Two years ago, photographer Chris A. Hughes purchased a 1914 French Richard Verascope camera from an elderly man who was clearing out his camera collection in preparation for retirement. When he got into his car after the purchase, Hughes was surprised to find two packages of slides in the camera’s leather case.
Upon closer examination, he discovered that the photographs on the slides were captured by a French soldier during World War I.
All of the slides had “metadata” scribbled onto them, from the dates and locations they were snapped to random notes handwritten by the photographer. Some showed the daily life of the soldier, while others showed graphic images of death and destruction.
After this interesting find, Hughes developed what he calls a “strange obsession” for found film. He was already an avid vintage camera collector with over 300 unique cameras dating back to 1847, but now he has shifted his focus to searching for vintage cameras in which the film is still loaded in the body.
His first catch with this new project was a Kodak Boxed Camera from an antique mall. The camera still had a roll of film inside containing photos that were over 60 years old. The whole package cost Hughes just $10.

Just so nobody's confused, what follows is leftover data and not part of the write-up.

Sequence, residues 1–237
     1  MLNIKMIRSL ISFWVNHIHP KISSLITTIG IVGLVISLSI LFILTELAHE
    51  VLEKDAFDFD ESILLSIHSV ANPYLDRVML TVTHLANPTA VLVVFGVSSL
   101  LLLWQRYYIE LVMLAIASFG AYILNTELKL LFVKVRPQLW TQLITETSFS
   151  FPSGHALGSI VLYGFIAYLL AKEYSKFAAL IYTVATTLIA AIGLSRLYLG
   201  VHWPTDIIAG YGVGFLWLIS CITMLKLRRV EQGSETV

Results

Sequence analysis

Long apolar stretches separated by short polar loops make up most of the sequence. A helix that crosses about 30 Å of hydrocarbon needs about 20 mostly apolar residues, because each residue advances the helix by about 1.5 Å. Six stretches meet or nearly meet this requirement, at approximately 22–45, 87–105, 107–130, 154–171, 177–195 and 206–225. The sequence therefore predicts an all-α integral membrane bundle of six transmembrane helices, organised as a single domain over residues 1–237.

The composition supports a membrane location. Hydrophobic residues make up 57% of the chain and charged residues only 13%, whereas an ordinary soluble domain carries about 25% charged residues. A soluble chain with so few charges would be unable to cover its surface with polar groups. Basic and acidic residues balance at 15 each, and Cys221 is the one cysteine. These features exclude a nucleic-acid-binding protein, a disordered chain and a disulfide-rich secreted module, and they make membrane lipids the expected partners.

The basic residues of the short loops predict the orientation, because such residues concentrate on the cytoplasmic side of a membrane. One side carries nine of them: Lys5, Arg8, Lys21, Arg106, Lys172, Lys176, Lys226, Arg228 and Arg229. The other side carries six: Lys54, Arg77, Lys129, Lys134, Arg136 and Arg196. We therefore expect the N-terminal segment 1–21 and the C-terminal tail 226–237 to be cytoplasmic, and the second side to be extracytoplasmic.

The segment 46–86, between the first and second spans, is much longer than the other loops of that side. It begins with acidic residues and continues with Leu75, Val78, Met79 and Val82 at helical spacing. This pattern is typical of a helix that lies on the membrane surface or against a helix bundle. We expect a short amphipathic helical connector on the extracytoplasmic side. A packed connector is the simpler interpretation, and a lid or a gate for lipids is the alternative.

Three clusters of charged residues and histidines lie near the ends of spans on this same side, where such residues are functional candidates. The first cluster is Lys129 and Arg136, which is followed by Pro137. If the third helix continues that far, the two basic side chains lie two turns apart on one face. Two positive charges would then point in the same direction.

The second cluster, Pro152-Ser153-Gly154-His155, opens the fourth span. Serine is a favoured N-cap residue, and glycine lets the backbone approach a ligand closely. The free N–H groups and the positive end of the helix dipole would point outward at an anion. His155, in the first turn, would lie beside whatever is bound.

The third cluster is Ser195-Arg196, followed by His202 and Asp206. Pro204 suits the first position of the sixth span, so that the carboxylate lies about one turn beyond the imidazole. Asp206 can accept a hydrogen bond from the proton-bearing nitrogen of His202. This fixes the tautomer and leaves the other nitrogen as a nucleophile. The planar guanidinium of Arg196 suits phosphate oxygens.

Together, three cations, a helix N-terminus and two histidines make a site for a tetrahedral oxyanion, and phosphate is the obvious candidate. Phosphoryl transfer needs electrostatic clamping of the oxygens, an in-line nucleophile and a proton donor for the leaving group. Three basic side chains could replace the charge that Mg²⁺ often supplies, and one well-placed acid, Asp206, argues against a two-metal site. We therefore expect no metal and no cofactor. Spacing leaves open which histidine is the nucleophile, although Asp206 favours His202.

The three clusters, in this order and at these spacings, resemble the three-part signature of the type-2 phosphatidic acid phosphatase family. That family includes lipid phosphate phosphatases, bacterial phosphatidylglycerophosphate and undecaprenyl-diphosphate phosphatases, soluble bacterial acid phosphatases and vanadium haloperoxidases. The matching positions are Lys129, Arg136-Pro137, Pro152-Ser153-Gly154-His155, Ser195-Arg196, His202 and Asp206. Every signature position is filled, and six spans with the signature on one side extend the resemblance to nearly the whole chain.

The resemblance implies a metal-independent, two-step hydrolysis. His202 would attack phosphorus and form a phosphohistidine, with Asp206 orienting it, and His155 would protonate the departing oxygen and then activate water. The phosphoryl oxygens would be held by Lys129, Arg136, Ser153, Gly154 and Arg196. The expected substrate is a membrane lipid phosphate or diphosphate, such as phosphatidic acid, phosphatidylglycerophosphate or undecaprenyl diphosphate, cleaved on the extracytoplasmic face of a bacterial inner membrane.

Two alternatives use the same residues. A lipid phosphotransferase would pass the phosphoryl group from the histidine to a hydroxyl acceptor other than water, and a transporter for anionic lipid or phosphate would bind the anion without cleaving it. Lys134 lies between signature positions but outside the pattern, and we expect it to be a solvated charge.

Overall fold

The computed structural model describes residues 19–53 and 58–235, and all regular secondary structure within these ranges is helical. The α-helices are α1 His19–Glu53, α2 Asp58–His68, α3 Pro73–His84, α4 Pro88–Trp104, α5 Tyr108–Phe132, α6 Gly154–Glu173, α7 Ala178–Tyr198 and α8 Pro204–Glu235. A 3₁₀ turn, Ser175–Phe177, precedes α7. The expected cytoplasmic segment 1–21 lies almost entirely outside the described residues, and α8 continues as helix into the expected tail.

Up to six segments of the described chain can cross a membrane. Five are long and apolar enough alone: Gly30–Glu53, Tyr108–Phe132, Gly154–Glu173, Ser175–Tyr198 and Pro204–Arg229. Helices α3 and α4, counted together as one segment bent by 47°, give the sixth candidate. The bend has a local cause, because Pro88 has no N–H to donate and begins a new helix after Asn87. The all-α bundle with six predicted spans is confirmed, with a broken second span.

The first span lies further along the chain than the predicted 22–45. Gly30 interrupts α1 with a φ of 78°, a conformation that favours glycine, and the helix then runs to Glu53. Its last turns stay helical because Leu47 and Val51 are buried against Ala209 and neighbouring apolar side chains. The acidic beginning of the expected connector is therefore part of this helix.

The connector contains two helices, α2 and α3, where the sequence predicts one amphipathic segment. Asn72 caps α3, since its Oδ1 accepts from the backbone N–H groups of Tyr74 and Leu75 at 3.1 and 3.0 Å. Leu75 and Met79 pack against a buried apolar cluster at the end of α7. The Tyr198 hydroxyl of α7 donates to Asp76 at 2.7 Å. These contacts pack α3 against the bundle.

After returning to his darkroom, Hughes managed to salvage 16 photos from the roll.
Since that Kodak camera, Hughes has taken his search for found film across North America. He has purchased a large number of cameras and over 50 rolls of antique film. Due to the high development costs, he has been developing them at a rate of one roll per week.
The results are being published through a webpage in which each gallery starts off with a photo of the camera the film was found in.
Hughes says that he’s receiving more and more interest in the project as more cameras and film scans are added to the site. Head on over to the Found Film website to check out all of the published photographs so far.
Don’t try to fix her when she cries. She needs to be broken to give life to words. Don’t hold her when she says she wants to be alone. She needs the solitude to create new worlds. Let her fall apart. Let her keep secrets. Let her walk away. She’ll come back to you. She’ll show you her dreams and nightmares. She’ll put herself back together. You just have to learn to listen with your eyes and let her pen be her lips.